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Am J Clin Nutr. 2007 Jan;85(1):117-23.

Plasma B vitamins and their relation to the severity of chronic heart failure.

Author information

1
Department of Clinical Chemistry and Laboratory Medicine, University Hospital of Saarland, Homburg/Saar, Germany.

Abstract

BACKGROUND:

Total homocysteine (tHcy) has been linked to the severity of chronic heart failure (CHF). Elevated tHcy concentrations are mainly caused by folate and vitamin B-12 deficiencies.

OBJECTIVE:

We hypothesized that folate and vitamin B-12 deficiencies can explain the relation between tHcy and the severity of CHF.

DESIGN:

We investigated 987 CHF patients. All subjects underwent a physical examination and blood sampling. Cardiac catheterization was performed in 929 patients and echocardiography in 460 patients. Serum tHcy, folate, vitamin B-12, and N-terminal pro-B-type natriuretic-peptide (NT-proBNP) were measured and renal and hepatic function were studied.

RESULTS:

tHcy increased with increasing New York Heart Association (NYHA) classes of heart failure (P < 0.001) and correlated with the left ventricular ejection fraction (EF; r = -0.150, P < 0.001). Contrary to the hypothesis, vitamin B-12 (P < 0.001) increased with NYHA class (P < 0.001) and was negatively correlated with EF (r = -0.080, P = 0.015). Folate showed no relation with NYHA class or EF. Comparable results were obtained for NT-proBNP (tHcy: r = 0.27, P < 0.001; vitamin B-12: r = 0.091, P = 0.004; folate: r = -0.045, P = 0.169). The correlations between tHcy, EF, and NT-proBNP were significantly stronger in patients without coronary artery disease (CAD) than in those with CAD. Regression analysis showed that tHcy, but not B vitamins, is a strong predictor of EF and NT-proBNP.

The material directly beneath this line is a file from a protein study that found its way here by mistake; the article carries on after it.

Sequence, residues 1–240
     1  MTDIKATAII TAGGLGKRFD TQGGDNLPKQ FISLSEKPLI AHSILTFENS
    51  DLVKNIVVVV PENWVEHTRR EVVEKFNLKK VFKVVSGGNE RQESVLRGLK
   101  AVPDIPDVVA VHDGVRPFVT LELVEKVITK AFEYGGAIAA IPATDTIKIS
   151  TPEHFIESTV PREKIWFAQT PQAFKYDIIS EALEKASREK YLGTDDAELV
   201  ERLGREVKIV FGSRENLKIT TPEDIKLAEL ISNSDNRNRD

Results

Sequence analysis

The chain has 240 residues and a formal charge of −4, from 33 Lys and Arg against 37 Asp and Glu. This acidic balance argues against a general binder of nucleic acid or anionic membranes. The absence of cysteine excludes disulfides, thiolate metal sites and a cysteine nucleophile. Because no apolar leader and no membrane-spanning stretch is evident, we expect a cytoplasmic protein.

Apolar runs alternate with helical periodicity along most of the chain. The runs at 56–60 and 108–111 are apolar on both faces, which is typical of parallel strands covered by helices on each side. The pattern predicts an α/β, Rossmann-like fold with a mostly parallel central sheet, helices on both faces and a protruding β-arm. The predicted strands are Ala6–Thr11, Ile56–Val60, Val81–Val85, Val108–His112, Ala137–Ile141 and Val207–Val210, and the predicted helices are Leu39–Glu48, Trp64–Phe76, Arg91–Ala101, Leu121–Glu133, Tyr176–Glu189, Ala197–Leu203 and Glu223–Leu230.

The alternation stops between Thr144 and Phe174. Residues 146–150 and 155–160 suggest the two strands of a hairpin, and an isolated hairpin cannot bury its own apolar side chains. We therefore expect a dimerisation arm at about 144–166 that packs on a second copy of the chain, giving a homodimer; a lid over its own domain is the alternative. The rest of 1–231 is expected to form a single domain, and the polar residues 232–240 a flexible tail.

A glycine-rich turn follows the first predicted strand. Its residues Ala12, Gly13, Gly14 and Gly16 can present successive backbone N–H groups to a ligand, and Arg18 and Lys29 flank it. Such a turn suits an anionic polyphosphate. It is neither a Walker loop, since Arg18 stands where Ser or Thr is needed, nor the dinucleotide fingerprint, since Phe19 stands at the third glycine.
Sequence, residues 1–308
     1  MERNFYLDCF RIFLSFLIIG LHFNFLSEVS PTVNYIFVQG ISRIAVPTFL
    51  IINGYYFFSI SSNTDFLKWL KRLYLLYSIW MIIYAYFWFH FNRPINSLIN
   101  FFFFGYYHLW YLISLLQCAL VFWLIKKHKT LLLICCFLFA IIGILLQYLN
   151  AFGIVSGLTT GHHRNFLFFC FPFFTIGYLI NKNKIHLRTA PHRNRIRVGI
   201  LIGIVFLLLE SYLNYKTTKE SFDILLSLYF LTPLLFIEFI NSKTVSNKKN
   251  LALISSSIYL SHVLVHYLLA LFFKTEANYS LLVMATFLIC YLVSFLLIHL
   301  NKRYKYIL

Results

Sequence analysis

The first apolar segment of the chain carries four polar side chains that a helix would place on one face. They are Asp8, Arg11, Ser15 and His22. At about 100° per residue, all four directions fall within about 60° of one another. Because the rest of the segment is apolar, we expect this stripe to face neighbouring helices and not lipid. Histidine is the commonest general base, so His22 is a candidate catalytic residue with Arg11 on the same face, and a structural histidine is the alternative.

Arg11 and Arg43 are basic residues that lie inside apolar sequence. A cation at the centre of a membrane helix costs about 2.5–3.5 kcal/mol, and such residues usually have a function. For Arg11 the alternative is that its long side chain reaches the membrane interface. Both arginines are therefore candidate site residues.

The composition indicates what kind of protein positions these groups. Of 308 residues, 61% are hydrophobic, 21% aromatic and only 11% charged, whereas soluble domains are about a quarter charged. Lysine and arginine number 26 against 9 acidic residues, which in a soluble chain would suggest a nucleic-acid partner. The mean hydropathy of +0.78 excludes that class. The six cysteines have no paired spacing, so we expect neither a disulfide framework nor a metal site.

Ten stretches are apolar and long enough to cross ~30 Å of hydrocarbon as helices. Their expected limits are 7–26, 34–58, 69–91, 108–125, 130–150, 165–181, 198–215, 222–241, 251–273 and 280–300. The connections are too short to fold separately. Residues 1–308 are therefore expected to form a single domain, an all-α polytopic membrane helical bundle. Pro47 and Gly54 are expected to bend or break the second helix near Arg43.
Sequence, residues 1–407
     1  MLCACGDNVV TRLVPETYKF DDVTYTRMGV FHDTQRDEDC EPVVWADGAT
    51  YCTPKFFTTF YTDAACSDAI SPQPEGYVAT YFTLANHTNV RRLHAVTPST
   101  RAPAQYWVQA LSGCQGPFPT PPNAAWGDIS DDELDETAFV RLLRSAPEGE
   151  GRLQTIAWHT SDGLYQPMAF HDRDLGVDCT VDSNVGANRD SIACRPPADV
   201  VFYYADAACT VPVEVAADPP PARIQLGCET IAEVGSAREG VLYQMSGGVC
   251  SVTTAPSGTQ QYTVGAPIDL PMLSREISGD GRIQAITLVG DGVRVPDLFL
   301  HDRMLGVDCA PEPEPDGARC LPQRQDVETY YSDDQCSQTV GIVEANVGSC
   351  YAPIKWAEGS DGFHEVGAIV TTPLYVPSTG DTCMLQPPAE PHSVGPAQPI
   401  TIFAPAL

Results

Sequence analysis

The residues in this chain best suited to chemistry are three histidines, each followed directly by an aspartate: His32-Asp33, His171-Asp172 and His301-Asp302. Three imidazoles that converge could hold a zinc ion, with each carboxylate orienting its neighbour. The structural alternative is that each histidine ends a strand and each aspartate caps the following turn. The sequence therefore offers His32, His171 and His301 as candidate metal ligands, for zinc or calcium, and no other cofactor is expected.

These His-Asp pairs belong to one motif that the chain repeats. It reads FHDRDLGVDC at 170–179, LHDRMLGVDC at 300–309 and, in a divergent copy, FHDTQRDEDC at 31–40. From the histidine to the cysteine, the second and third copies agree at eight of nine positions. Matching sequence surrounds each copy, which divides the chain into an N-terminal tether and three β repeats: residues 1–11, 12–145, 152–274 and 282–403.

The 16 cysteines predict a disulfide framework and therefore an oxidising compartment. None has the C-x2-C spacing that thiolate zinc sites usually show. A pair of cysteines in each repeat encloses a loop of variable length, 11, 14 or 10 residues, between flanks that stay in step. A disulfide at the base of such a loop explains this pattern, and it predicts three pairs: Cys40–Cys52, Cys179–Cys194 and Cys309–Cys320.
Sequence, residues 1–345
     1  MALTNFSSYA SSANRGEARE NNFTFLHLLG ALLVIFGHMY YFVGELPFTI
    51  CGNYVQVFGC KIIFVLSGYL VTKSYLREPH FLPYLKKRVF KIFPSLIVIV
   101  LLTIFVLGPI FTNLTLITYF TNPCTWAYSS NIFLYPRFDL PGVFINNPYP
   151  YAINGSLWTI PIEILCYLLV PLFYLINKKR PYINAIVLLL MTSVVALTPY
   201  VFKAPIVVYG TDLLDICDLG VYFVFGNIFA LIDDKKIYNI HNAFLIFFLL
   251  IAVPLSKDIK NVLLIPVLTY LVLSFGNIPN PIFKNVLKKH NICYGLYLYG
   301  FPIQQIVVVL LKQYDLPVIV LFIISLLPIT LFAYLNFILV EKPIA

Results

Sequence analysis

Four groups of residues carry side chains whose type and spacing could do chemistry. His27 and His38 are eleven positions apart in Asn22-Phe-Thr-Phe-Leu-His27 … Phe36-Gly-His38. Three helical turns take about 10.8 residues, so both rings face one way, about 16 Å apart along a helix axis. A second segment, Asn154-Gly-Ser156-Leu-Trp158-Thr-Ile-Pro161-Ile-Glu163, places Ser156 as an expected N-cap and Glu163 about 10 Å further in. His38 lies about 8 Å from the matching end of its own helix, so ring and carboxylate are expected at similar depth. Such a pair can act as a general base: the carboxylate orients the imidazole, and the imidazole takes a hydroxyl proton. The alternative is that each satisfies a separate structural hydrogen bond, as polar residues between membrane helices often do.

CONCLUSIONS:

This study showed that tHcy, but not folate and vitamin B-12, is related to clinical, echocardiographic, and laboratory variables of CHF, which indicates a relation between tHcy and the severity of CHF. This relation is stronger in patients without CAD. The lack of association of folate and the paradoxical relation of vitamin B-12 with CHF can possibly be explained by a disturbance in hepatic homeostasis.

PMID:
17209186
DOI:
10.1093/ajcn/85.1.117
[Indexed for MEDLINE]

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